Romance Book in Sage Eyes
Not too long ago, I had the idea for a romance within the Sage Eyes universe. It will be a short story, but I feel like it could be fun to write, to keep up the creativity. I will be publishing it incrementally through this blog and Wattpad, and maybe give it away as an eBook once it’s completed, so come back and check for updates.
It is Jenny’s wedding day, but she doesn’t know the man she will marry. So on her wedding day, when she realizes she doesn’t want to live that kind of life, she decides to run away to Felaronia, a nation where the women are in control.
Devrim, her newlywed husband, finds out about this and chooses to take back his wife himself. But his plan might not be as simple as he assumes.
Runaway Wife Part 1
I’m a man. I’ve never been a woman. But I like to write (hence this site). And my writing just happens to be set in a world where there are two sexes, men and women. In an effort to represent one half of the population, I have some female characters, several of whom I want to portray as a strong female character. Now the trick is, how do I write them well, not being a woman and unable to read minds?
I’m not the only one who struggles with this. Part of it is from a shift in society, where women have taken a larger role in the workforce, leadership, and getting an education. So the clamor is for a strong female character to be portrayed realistically, or at least how people want to see them portrayed.
Once upon a time, women were designated to roles such as damsel in distress, loving mother, or spiteful stepmother. Now that was pretty limiting, as they were all pretty passive. Even the fairy tales about women didn’t have them actually do anything. In Disney’s Cinderella, the mice did more for her than she did for herself. She was valued for her kindness, hard work, etc, but above all, for her beauty, something she was born with and didn’t earn. And of course, her stepmother was jealous of her, because of her old age and loss of beauty, and Cinderella’s beauty in contrast to her own daughters’, whose ugly faces resembled their personalities. Now we can look at that and see so many subtle but demeaning messages.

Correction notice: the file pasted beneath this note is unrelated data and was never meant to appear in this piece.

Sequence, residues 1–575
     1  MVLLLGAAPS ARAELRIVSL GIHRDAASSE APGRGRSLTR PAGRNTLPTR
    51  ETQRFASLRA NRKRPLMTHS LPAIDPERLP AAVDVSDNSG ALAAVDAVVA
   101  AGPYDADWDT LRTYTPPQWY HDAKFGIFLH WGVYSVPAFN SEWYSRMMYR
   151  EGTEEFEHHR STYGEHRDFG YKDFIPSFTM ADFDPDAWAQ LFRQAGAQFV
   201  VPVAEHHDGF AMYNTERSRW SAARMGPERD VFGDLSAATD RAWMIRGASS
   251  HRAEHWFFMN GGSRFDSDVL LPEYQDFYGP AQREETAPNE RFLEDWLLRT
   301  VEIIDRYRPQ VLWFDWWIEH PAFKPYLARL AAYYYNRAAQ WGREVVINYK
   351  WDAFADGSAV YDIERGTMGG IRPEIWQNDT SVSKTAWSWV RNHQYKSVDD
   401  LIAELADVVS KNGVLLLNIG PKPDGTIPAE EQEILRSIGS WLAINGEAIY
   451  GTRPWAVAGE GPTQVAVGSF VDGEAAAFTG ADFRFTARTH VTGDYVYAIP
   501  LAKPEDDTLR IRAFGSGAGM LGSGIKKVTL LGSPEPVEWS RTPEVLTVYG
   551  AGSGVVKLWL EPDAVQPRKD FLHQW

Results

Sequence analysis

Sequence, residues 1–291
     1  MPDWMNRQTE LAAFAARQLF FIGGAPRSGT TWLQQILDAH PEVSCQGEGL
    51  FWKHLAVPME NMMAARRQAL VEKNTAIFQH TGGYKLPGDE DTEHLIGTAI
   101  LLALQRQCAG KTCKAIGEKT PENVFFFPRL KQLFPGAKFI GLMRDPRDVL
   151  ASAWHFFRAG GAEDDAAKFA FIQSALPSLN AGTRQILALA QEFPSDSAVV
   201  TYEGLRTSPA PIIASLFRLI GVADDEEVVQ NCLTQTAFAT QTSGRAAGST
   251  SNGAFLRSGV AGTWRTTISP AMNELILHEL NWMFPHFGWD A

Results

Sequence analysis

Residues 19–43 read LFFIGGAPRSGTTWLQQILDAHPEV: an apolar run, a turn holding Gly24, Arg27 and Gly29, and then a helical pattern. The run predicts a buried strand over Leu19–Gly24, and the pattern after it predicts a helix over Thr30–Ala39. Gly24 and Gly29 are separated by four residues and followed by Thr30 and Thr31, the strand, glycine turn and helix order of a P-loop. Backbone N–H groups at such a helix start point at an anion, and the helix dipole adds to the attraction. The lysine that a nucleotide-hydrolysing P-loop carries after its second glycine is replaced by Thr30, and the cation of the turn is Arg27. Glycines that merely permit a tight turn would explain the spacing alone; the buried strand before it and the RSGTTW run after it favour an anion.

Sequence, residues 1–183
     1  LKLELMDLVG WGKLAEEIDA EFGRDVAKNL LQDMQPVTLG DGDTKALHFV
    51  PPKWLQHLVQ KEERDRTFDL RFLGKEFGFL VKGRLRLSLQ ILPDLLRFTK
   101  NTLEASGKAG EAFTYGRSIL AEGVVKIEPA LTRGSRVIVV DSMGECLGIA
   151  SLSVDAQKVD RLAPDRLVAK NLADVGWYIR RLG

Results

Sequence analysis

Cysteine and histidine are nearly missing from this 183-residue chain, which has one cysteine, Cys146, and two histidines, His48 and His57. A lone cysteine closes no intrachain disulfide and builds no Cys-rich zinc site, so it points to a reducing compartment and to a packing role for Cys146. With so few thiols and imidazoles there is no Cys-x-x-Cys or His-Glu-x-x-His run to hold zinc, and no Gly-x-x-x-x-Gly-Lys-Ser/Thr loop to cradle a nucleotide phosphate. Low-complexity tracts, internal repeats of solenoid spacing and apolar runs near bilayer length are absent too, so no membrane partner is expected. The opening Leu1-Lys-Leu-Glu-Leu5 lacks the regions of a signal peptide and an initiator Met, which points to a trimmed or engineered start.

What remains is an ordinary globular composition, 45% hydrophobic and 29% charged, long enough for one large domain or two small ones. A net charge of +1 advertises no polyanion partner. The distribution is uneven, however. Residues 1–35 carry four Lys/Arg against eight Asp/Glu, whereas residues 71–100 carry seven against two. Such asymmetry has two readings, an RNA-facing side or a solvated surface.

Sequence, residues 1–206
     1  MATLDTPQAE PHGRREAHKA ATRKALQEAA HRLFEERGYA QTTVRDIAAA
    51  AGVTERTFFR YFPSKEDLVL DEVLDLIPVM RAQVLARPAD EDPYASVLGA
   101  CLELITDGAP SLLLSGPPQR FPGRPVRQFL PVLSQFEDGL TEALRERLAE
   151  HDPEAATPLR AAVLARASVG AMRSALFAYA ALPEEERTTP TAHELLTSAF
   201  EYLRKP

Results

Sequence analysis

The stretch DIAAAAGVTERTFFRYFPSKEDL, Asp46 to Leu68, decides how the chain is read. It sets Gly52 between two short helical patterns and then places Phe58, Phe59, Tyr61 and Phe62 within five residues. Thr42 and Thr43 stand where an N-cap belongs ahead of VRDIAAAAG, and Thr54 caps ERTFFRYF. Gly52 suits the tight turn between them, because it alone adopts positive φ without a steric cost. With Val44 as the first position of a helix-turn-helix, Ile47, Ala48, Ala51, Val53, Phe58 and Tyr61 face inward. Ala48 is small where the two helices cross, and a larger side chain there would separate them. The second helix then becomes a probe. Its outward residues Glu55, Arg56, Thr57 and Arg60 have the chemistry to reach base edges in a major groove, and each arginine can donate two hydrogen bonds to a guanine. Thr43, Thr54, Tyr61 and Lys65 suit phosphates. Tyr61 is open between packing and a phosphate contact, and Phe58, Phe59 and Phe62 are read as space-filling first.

Today there is a hunger to see women in a much more active role, like Katniss in the Hunger Games or Rey in Star Wars. Instead of constantly being saved by a man, they can save others. Seems like a good thing, especially for girls who look to them as role models, right? For the most part, yes. But there are some scenarios where the strong female character isn’t done well. Here are a few categories:
The Sex Symbol
More used for the love interest of the male hero, but still can apply to protagonists. This is where the woman’s primary value comes from being beautiful, sexy, etc. Romance stories might have this, and female villains are often sexually manipulative. Video games, if they choose to have a girl as the playable character, will often do so just for the eye candy effect, not because having her as a woman changes the story in any way. But this doesn’t help the cause of women anywhere. Both boys and girls need to see that women are valuable for more than just their bodies. We, both men and women, can get so judgmental of someone for something they were born with and can’t completely control.
Male in a Female Body